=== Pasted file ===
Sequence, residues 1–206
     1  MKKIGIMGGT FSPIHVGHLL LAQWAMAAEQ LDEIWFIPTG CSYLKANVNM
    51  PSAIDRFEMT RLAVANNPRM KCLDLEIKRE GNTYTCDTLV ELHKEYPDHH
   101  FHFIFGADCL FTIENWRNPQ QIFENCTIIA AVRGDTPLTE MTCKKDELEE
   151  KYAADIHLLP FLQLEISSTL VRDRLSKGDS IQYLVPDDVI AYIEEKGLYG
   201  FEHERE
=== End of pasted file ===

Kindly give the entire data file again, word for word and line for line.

Sequence, residues 1–206
     1  MKKIGIMGGT FSPIHVGHLL LAQWAMAAEQ LDEIWFIPTG CSYLKANVNM
    51  PSAIDRFEMT RLAVANNPRM KCLDLEIKRE GNTYTCDTLV ELHKEYPDHH
   101  FHFIFGADCL FTIENWRNPQ QIFENCTIIA AVRGDTPLTE MTCKKDELEE
   151  KYAADIHLLP FLQLEISSTL VRDRLSKGDS IQYLVPDDVI AYIEEKGLYG
   201  FEHERE